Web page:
NY TIMES - July 25, 2006
Study of Songbirds Finds High Levels of Mercury
By ANTHONY DePALMA
A biologist studying wild songbirds in New York State has found that all 178 woodland birds he tested last year had unusually high levels of mercury in their blood and feathers, a sign that the toxic chemical has spread farther in the environment than previously thought.
The biologist, David C. Evers, who is also executive director of the Biodiversity Research Institute, a nonprofit ecological organization in Gorham, Me., said that his preliminary findings challenged existing perceptions about how far mercury travels, how it interacts with the environment and how it affects various forms of wildlife - all with worrisome implications for people.
While mercury has often been found in lakes and streams and in fish, Dr. Evers's work documents the unexpected presence of the chemical in birds that do not live on water and never eat fish.
"Impacts on biological diversity usually show impacts on human health," Dr. Evers said in a telephone interview. "If these birds are having trouble, that should be a very good indicator of a risk to our own well-being and health as well."
Catherine H. Bowes, Northeast mercury program manager for the National Wildlife Federation, called the results of the songbird study "eye opening" and said they helped expand understanding of mercury contamination.
"It makes a compelling case for reducing mercury pollution from local sources, as New York is doing," Ms. Bowes said.
In May, Gov. George E. Pataki proposed cutting mercury emissions from New York power plants in half by 2010, setting standards that would be substantially more stringent than new federal regulations on mercury. State environmental officials are drawing up regulations, and then will take public comments before adopting them.
The National Wildlife Federation will include Dr. Evers's study in a national report later this summer. The study will also be formally presented at an international conference on mercury pollution scheduled for Madison, Wis., next month.
The songbird study provides a broader assessment of the mercury hazard in wooded areas of New York and throughout the northeastern United States than has previously been conducted.
The presence of mercury in lakes and streams is already well documented, and the New York Department of Health advises people to restrict the consumption of any freshwater fish caught in most of the state to no more than one meal a week.
But Dr. Evers is one of the first scientists to test for wildlife mercury contamination beyond fish. He began his work in this area in 1998 and found that common loons, which eat fish, had highly elevated levels of mercury that made them lethargic and caused their reproductive rates to drop.
He then decided to study songbirds, which never eat fish. In particular, he wanted to study the wood thrush, a small bird with a distinctive song that was once common throughout the Northeast. The population of wood thrushes has declined 45 percent in recent decades.
It was once thought that destruction of the bird's forest habitat was responsible for the decline. But Dr. Evers now suspects that mercury contamination might be a factor, along with the wide-ranging negative effects of acid rain on the forests.
Last year the Nature Conservancy, concerned about mercury contamination in the Adirondacks and Catskills and its effect on the ecosystem, commissioned Dr. Evers and the Biodiversity Institute to undertake a pilot study in New York State. He netted songbirds at nine sites, including areas near some of New York City's upstate reservoirs.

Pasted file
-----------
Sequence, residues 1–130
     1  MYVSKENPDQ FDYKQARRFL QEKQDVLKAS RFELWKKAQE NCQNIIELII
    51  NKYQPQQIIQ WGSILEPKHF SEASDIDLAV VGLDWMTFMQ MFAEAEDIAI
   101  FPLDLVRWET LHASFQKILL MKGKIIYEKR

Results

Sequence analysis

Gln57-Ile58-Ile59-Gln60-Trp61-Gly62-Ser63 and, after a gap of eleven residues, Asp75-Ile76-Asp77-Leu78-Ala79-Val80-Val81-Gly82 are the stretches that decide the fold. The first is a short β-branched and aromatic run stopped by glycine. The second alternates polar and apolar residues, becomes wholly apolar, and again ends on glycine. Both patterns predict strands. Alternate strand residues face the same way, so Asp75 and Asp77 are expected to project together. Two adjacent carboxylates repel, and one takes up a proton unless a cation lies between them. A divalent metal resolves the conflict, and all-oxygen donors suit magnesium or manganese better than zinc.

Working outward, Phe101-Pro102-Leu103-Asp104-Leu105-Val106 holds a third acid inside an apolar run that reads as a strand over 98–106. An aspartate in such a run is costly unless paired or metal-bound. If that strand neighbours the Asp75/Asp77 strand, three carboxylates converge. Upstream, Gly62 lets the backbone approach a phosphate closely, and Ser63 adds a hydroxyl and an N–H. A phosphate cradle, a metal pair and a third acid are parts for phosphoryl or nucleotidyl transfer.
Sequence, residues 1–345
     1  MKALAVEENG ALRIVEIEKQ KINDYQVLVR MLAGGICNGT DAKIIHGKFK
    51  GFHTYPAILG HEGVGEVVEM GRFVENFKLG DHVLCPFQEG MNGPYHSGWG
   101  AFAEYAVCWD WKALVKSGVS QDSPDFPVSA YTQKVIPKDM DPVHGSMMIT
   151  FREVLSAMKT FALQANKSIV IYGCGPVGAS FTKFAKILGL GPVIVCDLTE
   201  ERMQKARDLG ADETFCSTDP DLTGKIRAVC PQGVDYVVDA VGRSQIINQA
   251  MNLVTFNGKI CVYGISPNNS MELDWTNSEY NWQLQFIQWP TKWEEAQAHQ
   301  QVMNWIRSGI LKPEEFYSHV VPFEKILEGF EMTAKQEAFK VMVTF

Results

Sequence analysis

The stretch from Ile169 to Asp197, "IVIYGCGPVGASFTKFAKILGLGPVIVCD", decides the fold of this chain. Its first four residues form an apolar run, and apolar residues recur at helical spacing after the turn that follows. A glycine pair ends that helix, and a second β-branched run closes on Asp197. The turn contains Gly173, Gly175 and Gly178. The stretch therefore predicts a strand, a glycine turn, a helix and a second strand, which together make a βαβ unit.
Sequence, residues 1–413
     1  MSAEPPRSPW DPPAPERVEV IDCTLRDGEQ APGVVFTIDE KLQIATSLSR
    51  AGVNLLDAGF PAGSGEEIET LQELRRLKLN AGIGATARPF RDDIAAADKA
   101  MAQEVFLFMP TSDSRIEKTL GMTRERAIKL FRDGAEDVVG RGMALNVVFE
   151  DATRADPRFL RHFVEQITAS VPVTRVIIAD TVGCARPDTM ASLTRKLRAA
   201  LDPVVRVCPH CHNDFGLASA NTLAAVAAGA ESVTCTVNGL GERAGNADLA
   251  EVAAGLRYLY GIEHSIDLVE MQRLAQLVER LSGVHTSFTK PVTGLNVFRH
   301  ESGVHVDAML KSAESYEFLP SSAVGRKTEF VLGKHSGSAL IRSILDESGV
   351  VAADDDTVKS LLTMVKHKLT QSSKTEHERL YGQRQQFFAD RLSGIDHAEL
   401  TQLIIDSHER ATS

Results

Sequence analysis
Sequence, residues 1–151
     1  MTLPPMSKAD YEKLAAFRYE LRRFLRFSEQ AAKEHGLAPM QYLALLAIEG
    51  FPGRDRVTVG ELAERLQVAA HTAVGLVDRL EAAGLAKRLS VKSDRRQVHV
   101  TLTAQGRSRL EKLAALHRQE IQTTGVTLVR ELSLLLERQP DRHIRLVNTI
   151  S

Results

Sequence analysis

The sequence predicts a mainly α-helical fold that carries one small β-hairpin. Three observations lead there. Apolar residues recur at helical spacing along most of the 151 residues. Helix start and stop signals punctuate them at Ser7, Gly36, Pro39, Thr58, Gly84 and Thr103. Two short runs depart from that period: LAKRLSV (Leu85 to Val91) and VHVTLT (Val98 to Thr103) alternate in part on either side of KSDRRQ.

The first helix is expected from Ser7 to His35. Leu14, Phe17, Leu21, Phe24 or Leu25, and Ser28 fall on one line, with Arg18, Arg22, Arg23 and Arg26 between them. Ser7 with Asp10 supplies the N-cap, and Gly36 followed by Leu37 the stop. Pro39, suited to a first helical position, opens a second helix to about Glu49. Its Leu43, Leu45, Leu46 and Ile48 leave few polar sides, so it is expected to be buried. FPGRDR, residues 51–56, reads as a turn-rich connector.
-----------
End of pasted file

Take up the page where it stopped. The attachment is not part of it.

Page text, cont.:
(Although the Department of Health fish advisory extends to the reservoirs, regular sampling by city officials has not detected any mercury in the water.)
Much of the mercury that is causing problems in New York comes from coal-burning power plants, including those in Ohio and other states in the Midwest. Smokestack emissions from those plants tend to drift eastward. The airborne mercury eventually falls to earth, settling in lakes and streams where it is transformed into methyl mercury, which is toxic.
The chemical then enters the food chain through worms and tiny creatures that live on lake bottoms. They are eaten by small fish, which then become prey for larger fish. The amount of mercury is magnified as it goes from smaller species to larger ones.
Dr. Evers's work suggests that when mercury falls on land, it is absorbed by soil and by fallen leaves that are consumed by worms and insects. Songbirds then feed on the bugs, absorbing the mercury.
While all the birds he tested last year had mercury in their blood, wood thrushes had the most, Dr. Evers said, an average of 0.1 parts per million. That is below the federal safe standard for fish (0.3 p.p.m.) but high enough to affect the birds' reproductive cycle.
With fewer songbirds to eat potentially harmful insects, the state's forests would be at greater risk for damage by gypsy moths and other pests, Dr. Evers said.
Beyond that, mercury leaching into soil could find its way into the food chain in ways that are still unknown, he said.
This summer, again with support from the Nature Conservancy and the Biodiversity Research Institute, Dr. Evers has expanded his sampling range to cover 33 sites in New York and across the Northeast.
"That starts to get us to the point where we can provide solid scientific findings to public policymakers who will have to decide what to do about mercury," he said.
The project has also taken blood samples this year from nesting bald eagles.
Tim Tear, senior scientist and manager of the Nature Conservancy's global conservation approach team, said that while last year's pilot study did not provide conclusive evidence, it "certainly gives us confidence that our early hypotheses" about the deposition of mercury on land are correct, warranting further study.http://www.nytimes.com/2006/07/25/nyregi...ns%2fNew%20York